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Capacitive Reactance

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A capacitor by structure consists of two conductors separated by an insulator that is often referred to as a dielectric. It is often used to filter out DC component in electronics circuits as it only allows DC component to pass through. Meaning, for very low frequencies (high DC component low AC component), the capacitor acts as an open circuit. Inversely for high frequencies (high AC component, low DC component), it acts a closed circuit. This phenomenon is better by capacitive reactance.

Calculating capacitive reactance

The lower the frequency of the applied voltage, the more time capacitor takes to be charged fully, before the voltage reverses its polarity and begins to discharge the capacitor again. The capacitor therefore spends more time fully charged and passing much less current, resulting in less current flow at low frequencies. When a higher frequency is applied, the capacitor changes from charging to discharging faster allowing more current to flow. The opposition to current flow in any capacitor is inversely proportional to the frequency and is represented by the formula:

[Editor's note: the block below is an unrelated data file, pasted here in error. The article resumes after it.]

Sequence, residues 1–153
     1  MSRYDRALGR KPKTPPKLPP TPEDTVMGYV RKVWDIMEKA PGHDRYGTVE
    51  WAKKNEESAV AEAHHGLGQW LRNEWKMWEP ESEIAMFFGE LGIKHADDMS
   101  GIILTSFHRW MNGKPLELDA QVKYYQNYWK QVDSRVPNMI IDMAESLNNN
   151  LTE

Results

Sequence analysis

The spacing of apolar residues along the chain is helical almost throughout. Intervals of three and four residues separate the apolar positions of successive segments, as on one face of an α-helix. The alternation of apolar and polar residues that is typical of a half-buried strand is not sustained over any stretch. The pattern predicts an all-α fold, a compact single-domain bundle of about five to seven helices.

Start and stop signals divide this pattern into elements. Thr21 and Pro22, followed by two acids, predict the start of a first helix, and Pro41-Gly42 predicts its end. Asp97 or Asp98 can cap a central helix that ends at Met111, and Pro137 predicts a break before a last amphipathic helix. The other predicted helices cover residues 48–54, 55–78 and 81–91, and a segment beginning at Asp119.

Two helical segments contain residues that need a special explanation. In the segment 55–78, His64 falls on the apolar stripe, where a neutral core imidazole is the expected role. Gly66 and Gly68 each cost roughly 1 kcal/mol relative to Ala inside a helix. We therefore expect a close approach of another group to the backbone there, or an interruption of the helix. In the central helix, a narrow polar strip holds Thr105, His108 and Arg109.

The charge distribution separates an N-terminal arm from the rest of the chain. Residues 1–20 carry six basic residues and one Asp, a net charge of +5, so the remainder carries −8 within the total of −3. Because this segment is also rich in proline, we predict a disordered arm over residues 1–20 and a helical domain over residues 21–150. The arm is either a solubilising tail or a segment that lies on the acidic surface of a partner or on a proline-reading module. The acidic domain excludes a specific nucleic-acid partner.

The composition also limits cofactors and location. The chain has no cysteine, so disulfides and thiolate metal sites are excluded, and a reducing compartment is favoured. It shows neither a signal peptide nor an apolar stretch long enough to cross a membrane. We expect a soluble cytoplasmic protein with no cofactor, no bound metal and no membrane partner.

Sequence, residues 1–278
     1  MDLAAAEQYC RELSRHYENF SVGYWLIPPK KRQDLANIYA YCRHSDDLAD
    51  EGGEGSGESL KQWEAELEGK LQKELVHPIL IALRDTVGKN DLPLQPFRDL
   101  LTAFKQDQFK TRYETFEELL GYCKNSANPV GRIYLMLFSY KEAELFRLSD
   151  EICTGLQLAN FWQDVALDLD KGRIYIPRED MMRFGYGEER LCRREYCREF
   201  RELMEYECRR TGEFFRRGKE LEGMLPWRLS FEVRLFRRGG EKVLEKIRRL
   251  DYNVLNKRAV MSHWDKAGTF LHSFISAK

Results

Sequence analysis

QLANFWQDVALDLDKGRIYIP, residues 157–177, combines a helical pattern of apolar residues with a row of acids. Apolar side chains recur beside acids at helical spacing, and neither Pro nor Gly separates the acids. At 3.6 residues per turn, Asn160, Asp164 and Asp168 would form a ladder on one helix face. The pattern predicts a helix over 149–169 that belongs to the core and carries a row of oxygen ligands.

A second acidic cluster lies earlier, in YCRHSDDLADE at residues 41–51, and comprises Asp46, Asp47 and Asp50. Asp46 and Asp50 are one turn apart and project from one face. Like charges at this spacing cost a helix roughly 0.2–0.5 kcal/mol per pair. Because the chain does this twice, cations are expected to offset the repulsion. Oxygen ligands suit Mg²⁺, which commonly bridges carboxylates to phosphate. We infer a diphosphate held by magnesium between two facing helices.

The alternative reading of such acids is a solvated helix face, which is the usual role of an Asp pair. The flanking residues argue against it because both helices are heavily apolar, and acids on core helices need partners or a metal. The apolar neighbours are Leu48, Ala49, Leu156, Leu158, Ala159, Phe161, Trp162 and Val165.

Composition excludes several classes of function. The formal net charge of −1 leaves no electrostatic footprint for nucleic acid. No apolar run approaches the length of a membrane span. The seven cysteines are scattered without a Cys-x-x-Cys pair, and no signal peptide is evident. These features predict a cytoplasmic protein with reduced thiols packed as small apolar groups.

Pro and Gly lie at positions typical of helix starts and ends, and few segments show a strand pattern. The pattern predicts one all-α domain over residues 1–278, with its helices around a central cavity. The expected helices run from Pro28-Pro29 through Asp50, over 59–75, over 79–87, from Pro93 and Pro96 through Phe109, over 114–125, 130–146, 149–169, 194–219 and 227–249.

capacitive reactance formula

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Capacitive reactance graph

capacitive reactance graph
Graphical representation of Capacitive reactance w.r.t. Frequency

Capacitive reactance (symbol XC) is a measure of a capacitor’s opposition to AC (alternating current). Like resistance it is measured in ohms, but reactance is more complex than resistance because its value depends on the frequency (f) of the signal passing through the capacitor. Reactance is also inversely proportional to the value of capacitance (C), i.e. the value of XC at any frequency will be less in larger capacitors than in smaller ones. All capacitors have infinitely high values of reactance at 0Hz, but in large capacitors, the reactance falls to a low level at much lower frequencies than in smaller capacitors. Hence, larger capacitors are preferred in low frequency applications.

Feel interested? Check out other electroncis basic articles in the learning corner.

This article was first published on 4 November 2017 and was updated on 27 March 2019.


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